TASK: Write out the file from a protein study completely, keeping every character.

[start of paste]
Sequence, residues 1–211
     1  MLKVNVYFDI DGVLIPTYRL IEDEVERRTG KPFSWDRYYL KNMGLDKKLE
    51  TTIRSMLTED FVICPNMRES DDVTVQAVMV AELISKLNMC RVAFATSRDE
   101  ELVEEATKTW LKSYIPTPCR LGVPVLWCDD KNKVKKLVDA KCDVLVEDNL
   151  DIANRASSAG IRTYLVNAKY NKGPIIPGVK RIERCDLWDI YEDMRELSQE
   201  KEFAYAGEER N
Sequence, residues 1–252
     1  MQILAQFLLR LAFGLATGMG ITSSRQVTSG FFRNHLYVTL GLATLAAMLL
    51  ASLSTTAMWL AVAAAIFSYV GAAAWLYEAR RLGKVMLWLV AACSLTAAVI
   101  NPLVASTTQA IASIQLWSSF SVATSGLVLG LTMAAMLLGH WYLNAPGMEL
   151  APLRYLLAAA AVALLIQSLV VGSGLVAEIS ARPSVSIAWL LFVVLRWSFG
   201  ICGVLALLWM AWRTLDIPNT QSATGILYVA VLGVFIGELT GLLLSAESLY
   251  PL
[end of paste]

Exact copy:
Sequence, residues 1–211
     1  MLKVNVYFDI DGVLIPTYRL IEDEVERRTG KPFSWDRYYL KNMGLDKKLE
    51  TTIRSMLTED FVICPNMRES DDVTVQAVMV AELISKLNMC RVAFATSRDE
   101  ELVEEATKTW LKSYIPTPCR LGVPVLWCDD KNKVKKLVDA KCDVLVEDNL
   151  DIANRASSAG IRTYLVNAKY NKGPIIPGVK RIERCDLWDI YEDMRELSQE
   201  KEFAYAGEER N
Sequence, residues 1–252
     1  MQILAQFLLR LAFGLATGMG ITSSRQVTSG FFRNHLYVTL GLATLAAMLL
    51  ASLSTTAMWL AVAAAIFSYV GAAAWLYEAR RLGKVMLWLV AACSLTAAVI
   101  NPLVASTTQA IASIQLWSSF SVATSGLVLG LTMAAMLLGH WYLNAPGMEL
   151  APLRYLLAAA AVALLIQSLV VGSGLVAEIS ARPSVSIAWL LFVVLRWSFG
   201  ICGVLALLWM AWRTLDIPNT QSATGILYVA VLGVFIGELT GLLLSAESLY
   251  PL